Having hope: Life after a daughter’s addiction

By: Nicholas Galipeau
“When I found Jacquilynne she was in the hospital, had nothing but a skinny jacket on and cut off blue jeans and a tattered pair of running shoes that weren’t even hers,” says her mother, Donna D. May. Jacquilynne Gray, or Jacey as her mother lovingly refers to her, had been struggling with drug addiction for years before she found herself in British Colombia’s Surrey Memorial Hospital with plural septic pneumonia, hepatitis C and a number of other medical complications.

Jacquilynne Gray. Photo provided by Donna D. May

By: NICHOLAS GALIPEAU

Jacquilynne Gray. Photo provided by Donna D. May

Jacquilynne Gray. Photo provided by Donna D. May

“When I found Jacquilynne she was in the hospital, had nothing but a skinny jacket on and cut off blue jeans and a tattered pair of running shoes that weren’t even hers,” says her mother, Donna D. May. Jacquilynne Gray, or Jacey as her mother lovingly refers to her, had been struggling with drug addiction for years before she found herself in British Colombia’s Surrey Memorial Hospital with plural septic pneumonia, hepatitis C and a number of other medical complications.

During the early years of Gray’s addiction, May was nowhere to be found. She took the tough love approach to dealing with her daughter’s drug habit, which began after Gray had fallen down a flight of stairs. Doctors gave Gray OxyContin to help her cope with the pain of her injuries, but Gray soon realized that the numbing effects of OxyContin soothed her personality disorder. Then, the situation became serious.

“The voices in her head didn’t speak up as loudly when she was on OxyContin,” May says.

Gray continuously refilled her prescription for OxyContin until her doctors realized she was abusing the medication, and then cut her off completely. In a fit of desperation Gray began taking other people’s prescription painkillers. When those became scarce, she turned to the streets for her next fix.

On the streets, Gray found refuge in Fentanyl patches, an extremely addictive drug that is normally only prescribed to late stage cancer patients. One patch is designed to keep a patient in a constant state of pain relief for a matter of days. However, after melting the patch and extracting the opiates, the contents of the patch can be injected into the blood stream all at once, delivering the powerful numbing euphoria Gray had been craving.

Gray overdosed in her home town of Sault Ste. Marie twice, and on both occasions she was found alone on the snow covered streets where her friends had left her. They had taken her outside after realizing she was in the midst of an overdose, fearing that first responders would show up and start asking questions.

Sometime later, after being beaten severely, Gray used a substantial amount of stolen drugs and fled from her assailants to B.C., where her mother found her lying in a hospital bed.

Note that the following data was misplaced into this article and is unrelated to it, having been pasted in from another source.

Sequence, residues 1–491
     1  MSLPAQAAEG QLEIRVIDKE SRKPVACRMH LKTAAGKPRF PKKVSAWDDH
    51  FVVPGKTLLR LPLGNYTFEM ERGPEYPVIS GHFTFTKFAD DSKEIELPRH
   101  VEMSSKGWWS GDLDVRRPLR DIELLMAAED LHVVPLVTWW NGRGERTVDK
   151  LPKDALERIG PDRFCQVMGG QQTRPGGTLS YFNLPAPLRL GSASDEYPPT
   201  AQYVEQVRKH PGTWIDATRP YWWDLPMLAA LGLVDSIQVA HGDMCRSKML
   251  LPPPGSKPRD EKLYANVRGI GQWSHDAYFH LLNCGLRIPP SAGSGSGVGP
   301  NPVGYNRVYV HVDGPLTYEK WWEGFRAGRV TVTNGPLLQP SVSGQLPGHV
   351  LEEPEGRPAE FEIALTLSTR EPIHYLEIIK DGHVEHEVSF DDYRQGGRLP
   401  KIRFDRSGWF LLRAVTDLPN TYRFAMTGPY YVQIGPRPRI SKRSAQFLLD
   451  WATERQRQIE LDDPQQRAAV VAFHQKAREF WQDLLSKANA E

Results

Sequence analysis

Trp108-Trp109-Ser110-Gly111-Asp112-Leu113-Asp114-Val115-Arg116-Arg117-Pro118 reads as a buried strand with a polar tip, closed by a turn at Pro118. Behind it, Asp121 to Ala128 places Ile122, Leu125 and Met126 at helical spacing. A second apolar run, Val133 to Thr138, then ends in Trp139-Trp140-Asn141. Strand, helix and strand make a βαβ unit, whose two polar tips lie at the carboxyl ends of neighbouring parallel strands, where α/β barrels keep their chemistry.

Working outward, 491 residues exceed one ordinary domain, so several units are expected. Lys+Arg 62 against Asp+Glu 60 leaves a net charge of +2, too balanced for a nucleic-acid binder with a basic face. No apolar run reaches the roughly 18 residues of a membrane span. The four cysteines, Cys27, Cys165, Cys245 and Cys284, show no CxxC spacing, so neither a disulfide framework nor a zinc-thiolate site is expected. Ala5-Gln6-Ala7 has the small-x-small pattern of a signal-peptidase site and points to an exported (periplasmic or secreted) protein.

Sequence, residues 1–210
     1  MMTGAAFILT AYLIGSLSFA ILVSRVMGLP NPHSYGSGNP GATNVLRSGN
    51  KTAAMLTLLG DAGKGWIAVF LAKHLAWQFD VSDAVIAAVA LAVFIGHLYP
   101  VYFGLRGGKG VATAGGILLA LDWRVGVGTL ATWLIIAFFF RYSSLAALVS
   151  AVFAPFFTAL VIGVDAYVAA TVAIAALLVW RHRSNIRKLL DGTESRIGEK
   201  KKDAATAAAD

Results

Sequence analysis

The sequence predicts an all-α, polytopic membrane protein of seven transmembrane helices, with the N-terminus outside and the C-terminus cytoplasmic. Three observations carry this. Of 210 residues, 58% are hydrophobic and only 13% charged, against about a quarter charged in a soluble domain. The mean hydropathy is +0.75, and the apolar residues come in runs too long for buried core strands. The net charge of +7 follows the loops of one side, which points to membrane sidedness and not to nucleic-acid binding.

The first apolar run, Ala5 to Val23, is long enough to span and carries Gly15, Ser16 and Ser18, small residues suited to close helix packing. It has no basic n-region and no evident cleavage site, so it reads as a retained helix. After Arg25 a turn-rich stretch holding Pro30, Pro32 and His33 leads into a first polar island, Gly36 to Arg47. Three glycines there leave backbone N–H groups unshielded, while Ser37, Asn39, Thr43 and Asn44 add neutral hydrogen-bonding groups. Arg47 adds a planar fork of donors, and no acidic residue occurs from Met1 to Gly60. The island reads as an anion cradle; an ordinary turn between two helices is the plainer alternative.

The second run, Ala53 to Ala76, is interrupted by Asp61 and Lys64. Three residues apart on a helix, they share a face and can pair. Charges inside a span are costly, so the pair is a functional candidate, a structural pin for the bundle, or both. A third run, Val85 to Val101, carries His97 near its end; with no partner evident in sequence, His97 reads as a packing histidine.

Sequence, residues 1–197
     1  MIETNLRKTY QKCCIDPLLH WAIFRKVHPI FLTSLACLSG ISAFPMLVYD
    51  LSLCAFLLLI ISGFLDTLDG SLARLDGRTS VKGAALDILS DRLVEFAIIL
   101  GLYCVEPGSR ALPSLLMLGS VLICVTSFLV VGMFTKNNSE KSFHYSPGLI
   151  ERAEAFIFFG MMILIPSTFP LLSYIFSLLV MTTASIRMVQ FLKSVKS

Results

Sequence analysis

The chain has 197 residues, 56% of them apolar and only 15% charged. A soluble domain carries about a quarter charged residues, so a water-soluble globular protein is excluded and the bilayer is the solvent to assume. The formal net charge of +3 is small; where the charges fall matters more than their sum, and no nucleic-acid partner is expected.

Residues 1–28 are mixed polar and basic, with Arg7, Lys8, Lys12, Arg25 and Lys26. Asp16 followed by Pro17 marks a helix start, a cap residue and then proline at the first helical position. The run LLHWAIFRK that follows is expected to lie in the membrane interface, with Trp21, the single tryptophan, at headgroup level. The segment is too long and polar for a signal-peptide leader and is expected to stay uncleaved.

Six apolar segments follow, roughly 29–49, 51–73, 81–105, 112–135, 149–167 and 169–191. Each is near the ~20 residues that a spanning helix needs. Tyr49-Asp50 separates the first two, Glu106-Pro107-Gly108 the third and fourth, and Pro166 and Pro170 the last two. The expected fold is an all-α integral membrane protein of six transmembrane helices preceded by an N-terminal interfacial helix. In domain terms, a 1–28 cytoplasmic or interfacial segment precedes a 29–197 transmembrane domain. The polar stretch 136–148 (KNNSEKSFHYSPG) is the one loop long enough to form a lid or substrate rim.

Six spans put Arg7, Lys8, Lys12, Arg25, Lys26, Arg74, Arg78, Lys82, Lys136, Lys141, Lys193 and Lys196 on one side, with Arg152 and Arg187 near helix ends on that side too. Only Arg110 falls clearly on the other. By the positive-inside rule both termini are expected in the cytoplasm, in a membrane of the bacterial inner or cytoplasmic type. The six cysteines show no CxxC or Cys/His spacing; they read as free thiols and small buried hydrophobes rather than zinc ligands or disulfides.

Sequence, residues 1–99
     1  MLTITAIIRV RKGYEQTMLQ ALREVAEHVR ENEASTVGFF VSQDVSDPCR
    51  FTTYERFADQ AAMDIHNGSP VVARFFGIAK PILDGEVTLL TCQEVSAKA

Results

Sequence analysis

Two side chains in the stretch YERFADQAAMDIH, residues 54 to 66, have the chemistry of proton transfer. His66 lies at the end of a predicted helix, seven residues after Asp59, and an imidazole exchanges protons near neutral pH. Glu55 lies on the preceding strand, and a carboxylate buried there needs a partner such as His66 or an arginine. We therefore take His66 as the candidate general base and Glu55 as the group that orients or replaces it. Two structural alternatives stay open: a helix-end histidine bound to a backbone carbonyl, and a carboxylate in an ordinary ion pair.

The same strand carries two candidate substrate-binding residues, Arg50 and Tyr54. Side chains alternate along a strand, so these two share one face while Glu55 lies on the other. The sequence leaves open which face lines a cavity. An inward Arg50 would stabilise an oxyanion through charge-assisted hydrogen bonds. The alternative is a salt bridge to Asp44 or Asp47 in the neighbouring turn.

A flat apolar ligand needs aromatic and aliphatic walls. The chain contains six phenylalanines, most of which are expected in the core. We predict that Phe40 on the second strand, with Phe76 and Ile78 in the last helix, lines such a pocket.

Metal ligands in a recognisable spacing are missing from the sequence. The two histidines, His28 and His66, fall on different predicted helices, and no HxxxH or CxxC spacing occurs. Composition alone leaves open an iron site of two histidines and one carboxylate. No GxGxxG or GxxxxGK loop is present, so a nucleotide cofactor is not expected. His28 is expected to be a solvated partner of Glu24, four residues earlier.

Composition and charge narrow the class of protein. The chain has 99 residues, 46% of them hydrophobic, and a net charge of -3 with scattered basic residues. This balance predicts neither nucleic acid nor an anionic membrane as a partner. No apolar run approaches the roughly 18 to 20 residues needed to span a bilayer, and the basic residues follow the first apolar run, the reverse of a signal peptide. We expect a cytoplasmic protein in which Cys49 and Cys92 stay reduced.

Once doctors released Gray from Surrey Memorial Hospital, May admitted her to a treatment center. Within a matter of days Gray had gone back to injecting in the streets where she contracted necrotizing fasciitis, more commonly known as flesh eating disease.

“When things got really, really bad and we knew she was going to die, I think that that’s when I first realized how little is out there to help addiction and addicts,” May said. “I would rather see my daughter in a safe injection site injecting than doing it out on the street in front of children.”

May says her entire outlook on addiction and drug abuse changed after sitting down and talking to her daughter. “It wasn’t until she explained to me where I could have helped and didn’t that it really hit home with me.”

“I was fortunate. I had six months to learn and to live with Jacquilynne before she died,” May said. “A lot of people look at me as being a very poor mother and to be really honest I was, until the last six months of her life.”

After Gray’s death, the causes of which are still unknown to her doctors, May dedicated her life to speaking on behalf of addicts across Canada and encourages people in similar situations to, “have hope.”

“When I decided to change my mind and open my heart, the only thing I could do was hope that I could do enough in time,” May said. “And that’s all I ever hang onto now. I hope it was enough. I hope I did enough to let her feel loved, because she wasn’t getting it anywhere else.”

Now a founder of her own pro-harm reduction organization known as Jac’s Voice, May is trying to spread that love. She made a speech in Ottawa last September at an event celebrating the second anniversary of the Supreme Court of Canada’s ruling in favour of Vancouver’s Insite program, North America’s only sanctioned supervised injection site. May is an active advocate for the creation of injection sites across Canada, and continues her work to this day.

“There is another side to this story, and one that needs to be addressed and heard,” May said. “The one thing Jacey asked me to do was to not let her life be a waste.”

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